2.3   File Transfer: FTP

FTP (File Transfer Protocol) is a protocol for transferring a file from one host to another host. The protocol dates back to 1971 (when the Internet was still an experiment), but remains enormously popular. FTP is described in [RFC 959]. Figure 2.3-1 provides an overview of the services provided by FTP.

FTP moves files
Figure 2.3-1: FTP moves files between local and remote file systems.

In a typical FTP session, the user is sitting in front of one host (the local host) and wants to transfer files to or from a remote host. In order for the user to access the remote account, the user must provide a user identification and a password. After providing this authorization information, the user can transfer files from the local file system to the remote file system and vice versa. As shown in Figure 2.3-1, the user interacts with FTP through an FTP user agent. The user first provides the hostname of the remote host, which causes the FTP client process in the local host to establish a TCP connection with the FTP server process in the remote host. The user then provides the user identification and password, which get sent over the TCP connection as part of FTP commands. Once the server has authorized the user, the user copies one or more files stored in the local file system into the remote file system (or vice versa).

HTTP and FTP are both file transfer protocols and have many common characteristics; for example, they both run on top of TCP, the Internet's connection-oriented, transport-layer, reliable data transfer protocol. However, the two application-layer protocols have some important differences. The most striking difference is that FTP uses two parallel TCP connections to transfer a file, a control connection and a data connection. The control connection is used for sending control information between the two hosts – information such as user identification, password, commands to change remote directory, and commands to "put" and "get" files. The data connection is used to actually send a file. Because FTP uses a separate control connection, FTP is said to send its control information out-of-band. In Chapter 6 we shall see that the RTSP protocol, which is used for controlling the transfer of continuous media such as audio and video, also sends its control information out-of-band. HTTP, as you recall, sends request and response header lines into the same TCP connection that carries the transferred file itself. For this reason, HTTP is said to send its control information in-band. In the next section we shall see that SMTP, the main protocol for electronic mail, also sends control information in-band. The FTP control and data connections are illustrated in Figure 2.3-2.

Control and data connections
Figure 2.3-2: Control and data connections

When a user starts an FTP session with a remote host, FTP first sets up a control TCP connection on server port number 21. The client side of FTP sends the user identification and password over this control connection. The client side of FTP also sends, over the control connection, commands to change the remote directory. When the user requests a file transfer (either to, or from, the remote host), FTP opens a TCP data connection on server port number 20. FTP sends exactly one file over the data connection and then closes the data connection. If, during the same session, the user wants to transfer another file, FTP opens another data TCP connection. Thus, with FTP, the control connection remains open throughout the duration of the user session, but a new data connection is created for each file transferred within a session (i.e., the data connections are non-persistent).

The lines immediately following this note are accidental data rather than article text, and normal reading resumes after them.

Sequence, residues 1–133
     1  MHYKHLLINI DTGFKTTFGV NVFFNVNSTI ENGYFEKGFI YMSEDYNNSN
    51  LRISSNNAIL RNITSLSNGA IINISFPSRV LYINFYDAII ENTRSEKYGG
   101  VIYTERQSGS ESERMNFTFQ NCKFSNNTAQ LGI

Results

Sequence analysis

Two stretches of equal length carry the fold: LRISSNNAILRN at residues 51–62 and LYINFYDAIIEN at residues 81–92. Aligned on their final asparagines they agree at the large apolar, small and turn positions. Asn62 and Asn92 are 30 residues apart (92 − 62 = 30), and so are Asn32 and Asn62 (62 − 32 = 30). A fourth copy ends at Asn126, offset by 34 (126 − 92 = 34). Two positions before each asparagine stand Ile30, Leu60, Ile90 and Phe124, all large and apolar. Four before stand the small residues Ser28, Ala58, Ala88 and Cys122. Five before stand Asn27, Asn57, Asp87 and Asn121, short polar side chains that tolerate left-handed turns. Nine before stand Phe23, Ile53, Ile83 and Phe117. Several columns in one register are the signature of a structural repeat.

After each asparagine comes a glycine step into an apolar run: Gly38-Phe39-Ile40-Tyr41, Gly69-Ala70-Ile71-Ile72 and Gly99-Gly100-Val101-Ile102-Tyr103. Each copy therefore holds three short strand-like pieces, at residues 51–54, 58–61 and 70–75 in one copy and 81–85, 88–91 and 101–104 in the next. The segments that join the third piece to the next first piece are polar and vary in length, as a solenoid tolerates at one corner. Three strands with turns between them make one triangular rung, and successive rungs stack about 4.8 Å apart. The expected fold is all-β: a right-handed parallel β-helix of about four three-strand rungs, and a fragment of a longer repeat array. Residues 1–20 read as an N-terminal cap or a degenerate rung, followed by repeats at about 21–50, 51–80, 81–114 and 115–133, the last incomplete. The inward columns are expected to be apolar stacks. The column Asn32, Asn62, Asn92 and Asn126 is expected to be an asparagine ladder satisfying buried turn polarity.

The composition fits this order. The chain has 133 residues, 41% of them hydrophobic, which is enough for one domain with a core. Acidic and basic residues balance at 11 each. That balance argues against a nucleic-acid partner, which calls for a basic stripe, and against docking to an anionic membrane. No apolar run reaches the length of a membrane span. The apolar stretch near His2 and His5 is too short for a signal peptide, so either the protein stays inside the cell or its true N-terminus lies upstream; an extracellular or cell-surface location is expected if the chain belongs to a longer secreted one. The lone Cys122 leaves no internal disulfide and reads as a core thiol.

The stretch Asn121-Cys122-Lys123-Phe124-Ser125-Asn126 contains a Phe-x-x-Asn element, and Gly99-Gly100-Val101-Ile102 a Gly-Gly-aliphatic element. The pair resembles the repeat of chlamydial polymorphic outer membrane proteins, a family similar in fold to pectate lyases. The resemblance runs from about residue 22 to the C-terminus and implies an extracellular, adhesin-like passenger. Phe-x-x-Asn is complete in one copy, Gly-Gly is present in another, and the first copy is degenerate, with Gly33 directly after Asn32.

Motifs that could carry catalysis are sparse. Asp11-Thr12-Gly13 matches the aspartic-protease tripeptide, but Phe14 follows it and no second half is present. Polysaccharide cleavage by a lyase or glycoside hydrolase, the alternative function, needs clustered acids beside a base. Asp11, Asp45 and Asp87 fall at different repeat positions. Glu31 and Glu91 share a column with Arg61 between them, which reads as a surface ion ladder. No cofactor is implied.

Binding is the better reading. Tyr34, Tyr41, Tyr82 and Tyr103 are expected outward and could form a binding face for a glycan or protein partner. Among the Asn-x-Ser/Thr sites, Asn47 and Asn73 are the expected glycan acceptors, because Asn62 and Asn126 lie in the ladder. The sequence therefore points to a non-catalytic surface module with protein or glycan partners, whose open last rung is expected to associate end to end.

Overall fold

Throughout a session, the FTP server must maintain state about the user. In particular, the server must associate the control connection with a specific user account, and the server must keep track of the user's current directory as the user wanders about the remote directory tree. Keeping track of this state information for each ongoing user session significantly impedes the total number of sessions that FTP can maintain simultaneously. HTTP, on the other hand, is stateless – it does not have to keep track of any user state.

FTP Commands and Replies

We end this section with a brief discussion of some of the more common FTP commands. The commands, from client to server, and replies, from server to client, are sent across the control TCP connection in 7-bit ASCII format. Thus, like HTTP commands, FTP commands are readable by people. In order to delineate successive commands, a carriage return and line feed end each command (and reply). Each command consists of four uppercase ASCII characters, some with optional arguments. Some of the more common commands are given below (with options in italics):

There is typically a one-to-one correspondence between the command that the user issues and the FTP command sent across the control connection. Each command is followed by a reply, sent from server to client. The replies are three-digit numbers, with an optional message following the number. This is similar in structure to the status code and phrase in the status line of the HTTP response message; the inventors of HTTP intentionally included this similarity in the HTTP response messages. Some typical replies, along with their possible messages, are as follows:

Readers who are interested in learning about the other FTP commands and replies are encouraged to read [RFC 959].


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Copyright Keith W. Ross and James F. Kurose 1996–2000. All rights reserved.